THE 36 STRATEGIES AND OTHER CHINESE CLASSICS
What is the relationship between the 36 Strategies and other Chinese classics such as the Yi Jing, the Art of War, the Dao De Jing, the four great Chinese literature classics, or others?
Sifu Mark Blohm
They are related because these classics are mentioned in the Thirty Six Strategies. On the other hand, we may say they are not related because one does not need to know any of the classics to apply and benefit from the 36 strategies.
The name Thirty Six is taken from Sun Tzu's Art of War, which mentions word by word as follows:
Six six thrity six. Calculation inside is technique. Technique inside is calculation. Yin yang change law. Opportunity is inside. Opportunity cannot be nothing. Nothing means fail to hit.
The meaning of the description above is as follows:
Six times six is thirty six. When we calculate the pros and cons of a situation, we need strategies. When we use strategies we must make calculations. The universal law of change is such. Opportunities are found in every situation. When planning a strategy, one must consider benefit. If there is no benefit, the strategy is not useful.
In Yi Jing (I Ching) terminology, "six" refers to a broken line, and "nine" refers to an unbroken line. Three broken or unbroken lines form a trigram, known as "gua" There are eight such trigrams, or "bagua".
Two trigrams placed one on top of another form a hexagram. Thus the eight trigrams or bagua form sixty four hexagrams, which constitute the basis of Yi Jing.
"Six six" refers to six broken lines, which form the hexagram called "kun", which represents "earth". On the other hand, six unbroken lines form the hexagram called "chien", which represents "heaven". "Kun" symbolizes extreme yin, whereas "chien" symbolizes extreme yang.
"Six times six is thirty six" may be interpreted as there are countless situations on earth, thirty six being taken to mean infinite. Hence the 36 strategies can be used to meet any situation in life.
Situations are constantly changing. This is a universal law. When facing any situation, we must consider its pros and cons, which leads to using strategies. Reversely, in using any strategy we must consider the pros and cons of the situation.
There are opportunities in every situation. This is what we mean by saying that every problem is an opportunity for improvement. If we calculate the pros and cons, we can always work out advantages, which will lead to benefit. We must bear in mind the benefit when we plan a strategy. A strategy that does not bring benefit is futile.
The hallmark of Dao De Jing (Tao Te Ching) is flow, which is also the hallmark of the 36 strategies. Even when we are at a position of strength, we try to win the situation in a pleasant way instead of bulldozing over opponents.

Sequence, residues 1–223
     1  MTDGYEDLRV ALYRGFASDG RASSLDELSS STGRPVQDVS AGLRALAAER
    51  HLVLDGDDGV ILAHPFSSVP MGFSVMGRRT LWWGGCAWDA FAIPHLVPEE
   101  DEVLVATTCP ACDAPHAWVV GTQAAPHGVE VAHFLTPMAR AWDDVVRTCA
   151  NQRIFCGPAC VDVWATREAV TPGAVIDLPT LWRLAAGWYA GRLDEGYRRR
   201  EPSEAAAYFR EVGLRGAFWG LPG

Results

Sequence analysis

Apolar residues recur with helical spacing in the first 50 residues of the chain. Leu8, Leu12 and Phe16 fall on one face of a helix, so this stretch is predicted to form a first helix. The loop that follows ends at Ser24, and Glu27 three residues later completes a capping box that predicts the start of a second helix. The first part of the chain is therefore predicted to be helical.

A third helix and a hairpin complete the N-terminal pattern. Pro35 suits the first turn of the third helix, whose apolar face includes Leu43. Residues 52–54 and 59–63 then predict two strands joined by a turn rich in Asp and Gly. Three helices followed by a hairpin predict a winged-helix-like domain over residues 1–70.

A good example is the strategy, "Borrow Knife to Kill Another", which is frequently used by big companies. These big companies are at a position of strength. Even when other people or their employees object to their policies, they can still implement them if the policies bring them profits. But they would not bulldoze them even when they can.
What do they do? Their objective is to make profits, not to please other people or their employees. So they use one of the 36 strategies. They use consultants. In fact, they already have the "solutions" to their "problem". They supply the solutions to the consultants to make it appear that the consultants recommend the policies which actually came from their board of directors.
All the four great Chinese literature classics -- Romance of Three Kingdoms, Dream of the Red Chamber, Journey to the West, and Water Margins -- contain a lot of stories using the 36 strategies.
Here is a story from Dream of the Red Chamber applying the strategy "Fake Madness Not Insane".
Madame Jia, the head of an important household, invited all female relatives to a party in her huge mansion to celebrate the 15th night of the Chinese New Year. After a sumptuous meal, Madame Jia chatted heartily with her guests.
Wang Xi Fong, a very intelligent lady known for her humour, suggested they played a game called "order of the flower drum", which is similar to our modern musical chair. A flower was passed round while someone played a drum. When the drumming stopped, whoever was holding the flower would have to tell a humorous story to make people laugh.
It so happened that in the first round when the drumming stopped, Madame Jia was holding the flower.
"I'm not good at telling humorous stories, but I'll try" Madame Jia said. "At a party celebrating the 15th night of the New Year, someone drank the urine of the Great Sage Equal to Heaven."
Everybody laughed, including Wang Xi Fong who pretended not to know its hidden meaning, though she knew very well Madame Jia was making fun of her.
According to a legend, anyone who drank the urine of Monkey God, bestowed by the Jade Emperor as the Great Sage Equal to Heaven, would be very flippant with his or her mouth.
Then the game continued. Meanwhile someone secretly communicated with the drummer that the drummer would stop on hearing her gently cough. This was because everyone wanted Wang Xi Fong to tell stories, as her stories would make people roll on the floor.
Accordingly, the drumming stopped when Wang Xi Fong was holding the flower. She knew it was a trick but she pretended not to know.
So Wang Xi Fong set out to tell a story. But it was badly narrated and nobody laughed.
Wang Xi Fong was very smart. She rather offended the whole party than Madame Jia. She did not want to appear cleverer than her important host.
Within a short period Wang Xi Fong used the strategy, Fake Madness but Not Insane, three times. Do you know when were the other two times?
The above discussion is reproduced from the thread 10 Questions on the 36 Strategies in the Shaolin Wahnam Discussion Forum.